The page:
Beyond the sparks of hopes and dreams,
We are all faded, we are all added.

Will you become a nasty star?
Are you part of the masterplan?
Who knows, who saw the shape of life,
After the soul escapes and the dead eyes dive.

So let’s pretend we are all alive
as long as the universe remains calm and naïve.

Dr Arkanil Gain is a Junior Resident (MD Palliative Medicine) at the Department of Onco-Anaesthesia and Palliative Medicine, Dr BRAIRCH, All India Institute of Medical Sciences, New Delhi.

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When it’s time

Dr. Divya S Mishra

When it’s time to go, and my hurting eyes close,
Though the clueless pain with emptiness unfold,
The mind’s smog with dizzying questions abound,
Listen and stay-don’t leave me alone to drown.

Remind me, of cherished memories and dreams we sought,
Of the precious friends and loved ones, who knew more than I thought.
Keep me strong, so I can mend, the bridges I once broke,
To make up for all the joy and love, I ever put on hold.

Fleeting are they- the pursuits of life in time, they wane,
The misgivings weren’t worth the troubles, after all.
Little victories and mindless joys- lay them beside me,
The sobering miseries and grudges too- in vain that we hold.

Hold my hand, till I let go-for the light that beckons aloft,
And as it ends- keep your smile and let me join the stars!
Oh, how I wish that the lives I touched, and those that touched mine,
Will be blessed with happiness untold, and remember our time!

Dr Divya S Mishra is a qualified Radiation Oncologist, a Family Physician, a Palliative Care Physician, and a Clinical researcher, with over 18 years of work experience in diverse settings of clinical practice and clinical research.

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Will you care to be my pal?

Dr. Eric Borges

Will you walk this lonely road with me
As I struggle to face my destiny?
Can I hope you will come to my locale
Will you care to be my pal?

My body ravaged, my lungs all battered
The Corona Virus left me shattered
Gasping for breath as I say to my gal
“Will you care to be my pal?”

I try to speak but make guttural sounds
Keeping quiet frustrates and confounds
I thrash about —a wild sick horse in a corral
Will you care to be my pal?

I forget who I am, where I need to go,
I often get lost trying to go next door
I don’t want to become a chaparral
Will you care to be my pal?

My face and feet are swollen and I pee so little
They say my bones are so very brittle
Dialysis twice a week keeps up my morale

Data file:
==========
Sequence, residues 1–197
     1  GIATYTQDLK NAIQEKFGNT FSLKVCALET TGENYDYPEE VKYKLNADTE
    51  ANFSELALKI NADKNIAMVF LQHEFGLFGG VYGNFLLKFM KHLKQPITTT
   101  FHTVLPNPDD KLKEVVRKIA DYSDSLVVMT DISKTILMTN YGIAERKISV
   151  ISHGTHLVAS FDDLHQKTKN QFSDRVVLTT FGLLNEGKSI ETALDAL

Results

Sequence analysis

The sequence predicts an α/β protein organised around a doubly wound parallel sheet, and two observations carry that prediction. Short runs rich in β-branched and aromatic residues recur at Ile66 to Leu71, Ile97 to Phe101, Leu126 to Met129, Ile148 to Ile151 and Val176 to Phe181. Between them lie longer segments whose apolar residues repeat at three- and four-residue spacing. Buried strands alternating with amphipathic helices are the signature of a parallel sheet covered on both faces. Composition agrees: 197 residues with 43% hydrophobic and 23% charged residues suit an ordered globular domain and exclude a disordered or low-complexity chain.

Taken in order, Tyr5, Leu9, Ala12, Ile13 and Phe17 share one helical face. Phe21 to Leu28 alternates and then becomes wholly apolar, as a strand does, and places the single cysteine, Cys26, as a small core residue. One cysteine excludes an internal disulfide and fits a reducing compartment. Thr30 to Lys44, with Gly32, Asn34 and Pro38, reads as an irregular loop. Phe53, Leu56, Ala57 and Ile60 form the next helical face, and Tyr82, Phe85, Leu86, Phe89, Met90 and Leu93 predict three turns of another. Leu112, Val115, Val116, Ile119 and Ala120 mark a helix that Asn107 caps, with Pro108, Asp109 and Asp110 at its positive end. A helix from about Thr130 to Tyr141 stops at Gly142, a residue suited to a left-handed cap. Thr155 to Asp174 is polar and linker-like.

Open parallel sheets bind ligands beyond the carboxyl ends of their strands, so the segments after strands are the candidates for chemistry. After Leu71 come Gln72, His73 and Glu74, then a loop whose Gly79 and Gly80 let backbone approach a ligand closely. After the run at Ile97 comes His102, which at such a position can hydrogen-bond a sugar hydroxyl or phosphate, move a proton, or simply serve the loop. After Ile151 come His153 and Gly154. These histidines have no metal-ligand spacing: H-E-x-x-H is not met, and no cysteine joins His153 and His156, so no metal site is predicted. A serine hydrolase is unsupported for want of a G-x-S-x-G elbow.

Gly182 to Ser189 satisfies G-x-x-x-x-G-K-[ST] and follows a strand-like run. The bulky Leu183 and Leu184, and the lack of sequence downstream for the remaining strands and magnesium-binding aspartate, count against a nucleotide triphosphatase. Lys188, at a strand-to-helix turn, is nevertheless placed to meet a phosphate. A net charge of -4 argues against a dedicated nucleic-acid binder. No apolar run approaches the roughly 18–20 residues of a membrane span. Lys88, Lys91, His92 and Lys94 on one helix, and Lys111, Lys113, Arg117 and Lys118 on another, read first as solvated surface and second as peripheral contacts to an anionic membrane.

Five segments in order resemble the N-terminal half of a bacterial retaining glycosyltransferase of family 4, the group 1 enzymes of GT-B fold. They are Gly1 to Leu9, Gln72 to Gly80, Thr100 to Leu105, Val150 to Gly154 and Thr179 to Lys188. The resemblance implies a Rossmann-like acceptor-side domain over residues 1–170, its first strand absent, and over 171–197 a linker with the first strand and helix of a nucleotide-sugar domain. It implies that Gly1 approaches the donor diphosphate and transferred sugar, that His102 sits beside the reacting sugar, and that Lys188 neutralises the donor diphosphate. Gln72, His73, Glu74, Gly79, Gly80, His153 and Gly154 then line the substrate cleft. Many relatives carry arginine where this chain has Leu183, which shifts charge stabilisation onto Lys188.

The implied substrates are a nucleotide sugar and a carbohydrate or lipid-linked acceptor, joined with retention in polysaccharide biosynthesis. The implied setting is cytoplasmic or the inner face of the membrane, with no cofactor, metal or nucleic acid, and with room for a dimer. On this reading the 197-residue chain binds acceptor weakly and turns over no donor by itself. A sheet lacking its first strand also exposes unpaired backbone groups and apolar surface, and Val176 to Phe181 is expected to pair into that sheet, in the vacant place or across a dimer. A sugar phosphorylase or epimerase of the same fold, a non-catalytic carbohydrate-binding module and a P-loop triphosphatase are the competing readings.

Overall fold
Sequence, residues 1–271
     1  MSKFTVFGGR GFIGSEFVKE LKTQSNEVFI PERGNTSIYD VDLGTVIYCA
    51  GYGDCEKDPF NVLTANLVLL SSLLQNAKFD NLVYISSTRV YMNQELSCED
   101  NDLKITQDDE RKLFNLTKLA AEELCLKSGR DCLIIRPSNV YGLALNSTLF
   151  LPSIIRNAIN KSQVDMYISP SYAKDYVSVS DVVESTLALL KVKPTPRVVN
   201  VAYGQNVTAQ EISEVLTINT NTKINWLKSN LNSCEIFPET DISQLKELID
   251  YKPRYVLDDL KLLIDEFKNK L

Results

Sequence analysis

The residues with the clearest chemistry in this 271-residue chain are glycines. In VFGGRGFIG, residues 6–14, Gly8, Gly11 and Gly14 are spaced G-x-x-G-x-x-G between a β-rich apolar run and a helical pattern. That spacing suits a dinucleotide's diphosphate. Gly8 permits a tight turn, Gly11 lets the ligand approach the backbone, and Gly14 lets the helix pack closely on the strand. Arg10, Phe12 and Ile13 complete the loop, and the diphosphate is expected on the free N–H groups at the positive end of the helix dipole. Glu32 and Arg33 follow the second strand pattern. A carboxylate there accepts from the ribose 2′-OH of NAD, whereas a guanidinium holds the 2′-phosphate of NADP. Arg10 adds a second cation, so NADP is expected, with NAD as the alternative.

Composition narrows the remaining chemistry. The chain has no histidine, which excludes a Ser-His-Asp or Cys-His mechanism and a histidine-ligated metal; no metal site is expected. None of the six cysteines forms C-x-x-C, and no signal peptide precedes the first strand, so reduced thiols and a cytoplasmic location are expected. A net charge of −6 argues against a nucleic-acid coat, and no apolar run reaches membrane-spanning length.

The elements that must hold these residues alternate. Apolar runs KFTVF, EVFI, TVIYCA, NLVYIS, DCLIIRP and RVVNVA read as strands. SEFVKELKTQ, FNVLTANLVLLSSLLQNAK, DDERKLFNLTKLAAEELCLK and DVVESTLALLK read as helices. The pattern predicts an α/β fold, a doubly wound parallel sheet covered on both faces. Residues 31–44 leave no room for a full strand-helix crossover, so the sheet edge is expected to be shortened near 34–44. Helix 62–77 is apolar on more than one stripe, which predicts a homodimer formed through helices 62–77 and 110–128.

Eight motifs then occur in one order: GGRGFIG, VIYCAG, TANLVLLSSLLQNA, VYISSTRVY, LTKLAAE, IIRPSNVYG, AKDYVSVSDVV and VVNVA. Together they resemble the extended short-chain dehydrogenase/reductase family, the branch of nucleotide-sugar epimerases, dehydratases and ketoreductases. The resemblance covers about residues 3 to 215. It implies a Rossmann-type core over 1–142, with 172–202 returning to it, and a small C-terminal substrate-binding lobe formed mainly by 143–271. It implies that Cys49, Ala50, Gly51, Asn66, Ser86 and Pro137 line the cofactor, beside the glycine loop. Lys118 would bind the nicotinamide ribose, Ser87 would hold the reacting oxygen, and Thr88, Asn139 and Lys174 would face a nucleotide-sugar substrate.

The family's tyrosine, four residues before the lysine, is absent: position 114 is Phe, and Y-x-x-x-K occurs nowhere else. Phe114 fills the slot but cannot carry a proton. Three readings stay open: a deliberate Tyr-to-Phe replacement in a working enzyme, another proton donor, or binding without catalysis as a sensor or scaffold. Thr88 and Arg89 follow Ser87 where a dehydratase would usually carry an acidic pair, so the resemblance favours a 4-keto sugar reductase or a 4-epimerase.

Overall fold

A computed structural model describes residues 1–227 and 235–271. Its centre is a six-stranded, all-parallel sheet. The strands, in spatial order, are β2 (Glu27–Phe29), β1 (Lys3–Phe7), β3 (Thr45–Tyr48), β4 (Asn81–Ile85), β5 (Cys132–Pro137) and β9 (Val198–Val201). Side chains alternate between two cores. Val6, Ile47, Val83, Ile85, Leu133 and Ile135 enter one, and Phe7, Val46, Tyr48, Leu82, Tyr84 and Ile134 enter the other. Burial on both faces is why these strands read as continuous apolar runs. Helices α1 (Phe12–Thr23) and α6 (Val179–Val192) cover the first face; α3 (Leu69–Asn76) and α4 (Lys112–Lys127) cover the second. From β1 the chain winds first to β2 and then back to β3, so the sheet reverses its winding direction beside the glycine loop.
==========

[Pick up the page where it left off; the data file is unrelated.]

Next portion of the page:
Will you care to be my pal?

Sukoon Nilaya this oasis of tranquility
Has been carefully infused with every facility
Compassionate care our guiding rationale,
Yes, we would love to be your pal!

Dr Eric Borges is a Hon. Chairman at the King George V Memorial Trust, Mumbai. Dr Eric Borges is also a strong advocate for palliative care.

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A Mother’s Hope

Ms Mamta Parihar

A mother is crying, no matter how hard she is trying
She loves him more than anything, asking everyone
Why God has become the enemy, “searching for why”
However, no one is replying and the lord is denying.

Remembering his childhood, A tear came down
Please somebody come to her, to calm her down
The pain is killing making the death a willing
No answer to the questions, but only a surge of emotions.

The only thing is a prayer, and she hears palliative care
“What is this and what it can do for my son?”
How, when and what is this care? I am not aware,
Hope fills her heart, while the mind gropes for a reason.

We cannot stop death, but can try to make happy till the last breath
The end is undeniable, and palliative care can make comfortable
Much to understand, the special care to withstand
The team explained in brief, and she found some relief!

As the news came through, she couldn’t believe it’s true
The smile would come back, to finish this blue
Her eyes bright and wide, sees a ray of light
God shows compassion, their life now enriched
Palliative care is the answer, with the death’s dare diminished.

Ms Mamta Parihar is a Lecturer at Dr. S.N. Government Nursing College, Jodhpur, Rajasthan, and also an ELNEC Trainer.

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Killing Mercy

Dr. Murtaza Ghiya

Human lives
Likes waves of the sea
They ebb and flow
So just let them be!

Many an ailing soul
Stuck in critical care
A dozen tubes already a-fix
Yet we continue repair.

They marched in for rounds
In strict hierarchical lines
Focused on beeping monitors
But not the patients whines.

“Let’s ask the patient”
Spoke a junior medical grad,
The professor barked in fury
“Have you lost it, young lad?”

“The family wants to go
Both Above and beyond
So let’s just keep swishing
Our pricey medical wand”!

“No killing for mercy
Lest get dragged to court
Medicine is not a noble science
It’s just a clever sport”

The boy said a silent prayer,
“When I catch an incurable bug,
I want not any painful tubes,
Just give many a crushing hug.”

“We’ll change the law”
Said he, feeling wise and smug;
“We’ll let them do it,
We’ll let them pull my plug”!

Dr Murtuza Ghiya is an Associate Professor of Emergency Medicine, and an Intensivist for the Trust ICU, K J Somaiya Medical College, Mumbai. He was sensitised to the principles of palliative care during his medical education training at St Johns Medical College Hospital, Bengaluru, and is now an advocate for palliative care.

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3 Thoughts to “A Symphony of Words: A Collection of Poems”

  1. Mudita Yadav

    All the poems are worth reading and inspiring. Thanyou for this collection

  2. Anil Patel

    Good Initiative for Doctors who are busy with their patients.

  3. Vidya Viswanath

    Each one of these poems could be wonderful teaching tools ! Kudos to IAPC for putting this together and to the poets here ,” Yeh Dil Maange More “….so keep writing and sharing !